The place I miss and love the most about NYC is a dying breed. The corner bodega.
Now I’m not talking about the fancy ones with six different types of organic chocolate or an endless supply of organic beer, I mean the quintessential store on high traffic corners that for me made this city what it was. With names like Te Amo (I love you) and Superior Markets, these little family-owned meccas were the one neighborhood fixture you could count on—when everything around you was changing.
Children crave stability. They like to know when they will eat, when they will go to bed, they like to have some consistency in their lives. My upbringing wasn’t so stable. I was a latchkey kid in a seemingly beautiful neighborhood but little about it was safe or beautiful. If I played in the schoolyard I was often bullied; if I walked home alone, I risked being mugged. Boys who wore nice sneakers might find themselves running home in their socks when their shoes were added to the needless collection of stolen sneakers thrown up on telephone wires for display.
I didn’t like walking around my neighborhood, but the one exception, the one place I went every single day was my corner bodega. It was in some ways my second home.
The country has cute little general stores, the suburbs wide pristine aisles in their supermarket chains, NYC has the bodega. Its name is a derivative of the Spanish word for grocery store, and as I would later learn in Argentina, it’s also the name for a wine shop, but for this native New Yorker it meant both. The smallest of stores with the biggest of variety and the place I would get my alcohol as well, before the crackdowns anyway.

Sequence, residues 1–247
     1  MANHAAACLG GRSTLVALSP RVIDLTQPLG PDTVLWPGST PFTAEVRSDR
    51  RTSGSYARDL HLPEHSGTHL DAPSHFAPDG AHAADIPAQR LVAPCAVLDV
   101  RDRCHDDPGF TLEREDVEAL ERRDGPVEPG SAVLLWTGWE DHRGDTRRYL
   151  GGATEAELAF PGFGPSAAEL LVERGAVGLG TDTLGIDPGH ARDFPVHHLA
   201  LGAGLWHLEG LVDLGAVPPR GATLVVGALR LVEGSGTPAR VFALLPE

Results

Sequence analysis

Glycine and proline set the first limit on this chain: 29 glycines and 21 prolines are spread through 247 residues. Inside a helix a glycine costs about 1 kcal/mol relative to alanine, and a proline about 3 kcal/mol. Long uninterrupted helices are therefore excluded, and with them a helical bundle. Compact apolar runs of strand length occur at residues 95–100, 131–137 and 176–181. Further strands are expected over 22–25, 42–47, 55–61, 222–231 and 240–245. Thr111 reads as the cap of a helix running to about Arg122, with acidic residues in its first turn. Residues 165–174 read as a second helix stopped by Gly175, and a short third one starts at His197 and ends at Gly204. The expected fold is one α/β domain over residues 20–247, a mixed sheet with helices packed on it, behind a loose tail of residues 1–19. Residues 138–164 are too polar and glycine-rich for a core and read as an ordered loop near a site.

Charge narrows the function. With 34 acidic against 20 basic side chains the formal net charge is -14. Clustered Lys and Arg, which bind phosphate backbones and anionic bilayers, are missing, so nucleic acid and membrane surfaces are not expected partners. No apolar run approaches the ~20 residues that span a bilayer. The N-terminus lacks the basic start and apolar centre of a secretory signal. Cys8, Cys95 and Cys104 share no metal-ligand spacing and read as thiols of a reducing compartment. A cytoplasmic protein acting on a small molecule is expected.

Don’t get me wrong, I like an artisan pickle and pho shop as much as the next person, but I yearn for the days before all these gourmet selections. I yearn for the original Bodega.
I grew up in the Ditmas Park section of Brooklyn, large Victorian homes and big apartment complexes that took up full corners—a suburban paradise with an urban flair, but still there was little to do. Aside from the occasional trip to the library or a weekend bowling match my days were spent at home watching TV or visiting a friend, the time in between when I wanted something, there were no parents who were going to give me a ride anywhere my only hope was to go to the corner and grab something.
I think I spent every single day of my life at the corner Bodega. I still remember when they remodeled it—and added bright red and blue letters changing its name to Superior Markets and to me it was. Where else could I get all my needs me in less than 500 feet? If we needed milk no worries, diet soda, check. For me it was a bologna sandwich on a roll, a kit kat bar and when I was older a Bartle’s and James wine cooler in a brown paper bag and a pack of Benson and Hedges Deluxe Ultra-Light Menthols, and they’d give me matches to boot.